The Sustainable Campus (Trends and Innovations)

A Green Revolving Fund

Sparked by a student-led research project, the University of Dayton (Ohio) created a Green Revolving Fund with $1 million that is reimagining the entire campus as a laboratory, classroom and testing ground for energy-saving ideas.

Initially funded in part from rebates from the Dayton Power and Light Company (DP&L) and other organizations for already-implemented measures to save electricity, here’s how the fund works:

  • Ideas for projects can come from anyone on campus — students, faculty, staff or researchers. They then work with facilities management to identify opportunities and develop projects.
  • Projects are given the green light based on projected savings in operational costs and are encouraged to include an educational component.
  • When the project is up and running, energy savings are tracked, and those savings are credited back to the Green Revolving Fund to seed the next endeavor.

First Steps

Still in its infancy, the fund already has supported upgrades for air handlers in three buildings on campus, plus funded the replacement of high-energy lighting with low-energy LED lighting in five buildings and three parking lots. Early returns show the projects are paying for themselves in both energy savings and DP&L rebates.

“Since 2009, we have made a concerted effort to become a greener, more sustainable campus,” University of Dayton President Eric F. Spina says. “Countless people have contributed to this effort — facilities management, our renewable and clean energy graduate program, finance and administration, students who channel their entrepreneurial spirit to find the next idea to help the environment and those on campus who make conscious efforts to turn off lights and adjust their thermostats. Every effort counts.”

The Green Revolving Fund is just one in a decade of sustainability initiatives at the University of Dayton (UD), which have led to a 5 percent reduction in the university’s carbon footprint and helped accumulate the DP&L rebates. In addition to the Green Revolving Fund, the university’s efforts include:

  • Divesting coal and fossil fuels from the university’s $670 million investment pool. UD is believed to be the first Catholic university in the nation to take this step.
  • Striving for all renovated and new buildings on campus to be at least LEED Silver-certified or an equivalent status.
  • Instituting one of the largest university food composting efforts in the nation. The university diverts more than 200 tons of waste away from landfills annually.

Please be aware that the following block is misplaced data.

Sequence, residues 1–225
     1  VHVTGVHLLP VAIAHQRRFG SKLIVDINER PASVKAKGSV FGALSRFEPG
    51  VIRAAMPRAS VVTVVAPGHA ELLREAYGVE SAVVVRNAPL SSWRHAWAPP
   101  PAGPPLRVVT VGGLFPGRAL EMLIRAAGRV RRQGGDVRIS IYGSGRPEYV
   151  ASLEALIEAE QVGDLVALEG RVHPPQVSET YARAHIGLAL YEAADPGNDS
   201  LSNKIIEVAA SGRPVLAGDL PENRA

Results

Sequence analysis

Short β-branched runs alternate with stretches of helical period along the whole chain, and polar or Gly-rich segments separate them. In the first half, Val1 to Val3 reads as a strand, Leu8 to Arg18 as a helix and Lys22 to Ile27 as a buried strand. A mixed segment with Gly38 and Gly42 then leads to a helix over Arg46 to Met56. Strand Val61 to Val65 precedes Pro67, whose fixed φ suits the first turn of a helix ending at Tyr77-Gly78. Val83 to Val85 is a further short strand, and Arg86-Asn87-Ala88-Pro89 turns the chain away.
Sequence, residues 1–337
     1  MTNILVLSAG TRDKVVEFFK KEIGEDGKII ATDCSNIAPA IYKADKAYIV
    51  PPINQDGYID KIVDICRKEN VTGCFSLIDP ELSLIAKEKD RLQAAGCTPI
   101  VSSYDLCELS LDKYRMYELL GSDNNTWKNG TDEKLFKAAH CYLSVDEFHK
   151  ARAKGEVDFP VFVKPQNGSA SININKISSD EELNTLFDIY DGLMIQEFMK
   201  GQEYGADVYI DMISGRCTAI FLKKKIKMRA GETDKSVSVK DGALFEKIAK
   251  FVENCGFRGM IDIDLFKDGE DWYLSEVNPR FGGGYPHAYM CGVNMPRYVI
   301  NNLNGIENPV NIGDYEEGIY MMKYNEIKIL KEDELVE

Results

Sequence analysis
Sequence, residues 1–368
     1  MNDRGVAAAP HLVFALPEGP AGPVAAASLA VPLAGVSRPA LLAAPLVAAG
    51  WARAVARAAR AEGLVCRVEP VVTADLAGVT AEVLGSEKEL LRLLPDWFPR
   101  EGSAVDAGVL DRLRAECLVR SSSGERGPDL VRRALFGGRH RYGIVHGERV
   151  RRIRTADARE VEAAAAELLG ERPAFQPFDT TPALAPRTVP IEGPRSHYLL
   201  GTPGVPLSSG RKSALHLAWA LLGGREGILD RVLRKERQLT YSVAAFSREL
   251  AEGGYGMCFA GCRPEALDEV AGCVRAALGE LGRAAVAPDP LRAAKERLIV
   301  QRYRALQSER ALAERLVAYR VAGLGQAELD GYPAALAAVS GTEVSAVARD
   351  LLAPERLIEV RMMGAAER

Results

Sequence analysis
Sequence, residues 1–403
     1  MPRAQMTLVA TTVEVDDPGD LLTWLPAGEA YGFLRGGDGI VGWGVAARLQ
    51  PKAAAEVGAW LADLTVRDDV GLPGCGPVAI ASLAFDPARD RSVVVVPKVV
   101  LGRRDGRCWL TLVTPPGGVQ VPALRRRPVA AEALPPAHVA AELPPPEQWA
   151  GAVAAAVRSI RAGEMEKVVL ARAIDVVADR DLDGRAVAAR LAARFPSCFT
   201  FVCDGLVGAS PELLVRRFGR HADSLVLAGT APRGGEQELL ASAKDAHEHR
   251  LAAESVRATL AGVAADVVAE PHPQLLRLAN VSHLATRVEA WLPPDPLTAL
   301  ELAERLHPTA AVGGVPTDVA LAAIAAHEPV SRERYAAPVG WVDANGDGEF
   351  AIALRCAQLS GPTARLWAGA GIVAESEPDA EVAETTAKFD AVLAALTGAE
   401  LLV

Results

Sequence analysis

• Becoming a Fair Trade Campaigns Fair Trade University. “Fair trade” refers to an economic system of equitable trading partnerships for farmers, artisans and workers. It is evidence to consumers that products they purchase were grown, harvested, crafted and traded in ways that improve lives and protect the environment.
  • Installing solar panels and electric car charging stations on campus.
  • Creating the Move Out recycling program for students to donate unwanted items to local charities. Students have donated more than 100 tons of items to charities such as the Salvation Army, Goodwill, St. Vincent de Paul, Catholic Social Services and the University of Dayton Summer Appalachia Program. To put it into perspective, 100 tons equals about 14 elephants, 50 cars or 40,000 bricks.

Among the Greenest

The initiatives have earned the university a spot among The Princeton Review’s list of green colleges. But there is more work to be done for the university to fulfill the Second Nature Carbon Commitment, a nationwide initiative by university presidents committing their schools to being carbon-neutral by 2025. In labs and classrooms across campus, faculty and student research will continue to focus on wind power, fuel cells and batteries, algae, coal-to-liquid fuels and other clean, alternative energy sources.

The University of Dayton Hanley Sustainability Institute oversees and is a catalyst for much of this work. Established in 2014 with a $12.5 million gift from the foundation of George Hanley (’77) and Amanda Hanley — the single largest gift in university history — the Hanleys challenged the university to become a national leader for innovation in sustainability education. Since the Institute’s launch, students have been involved in every aspect of its operation, from staffing and administration to project conception and execution, in keeping with its educational mission.

“We must build upon our cross-university strengths in energy efficiency, biofuels, batteries, energy integration and management and energy informatics,” Spina says. “We will pay special attention to opportunities where we can advance the common good, prepare students to be leaders in improving standards of living and create a more sustainable environment.

“Success in these areas cannot be measured by technological achievement alone, but also by the impact our work will have on the common destiny of all.”

This article originally appeared in the issue of .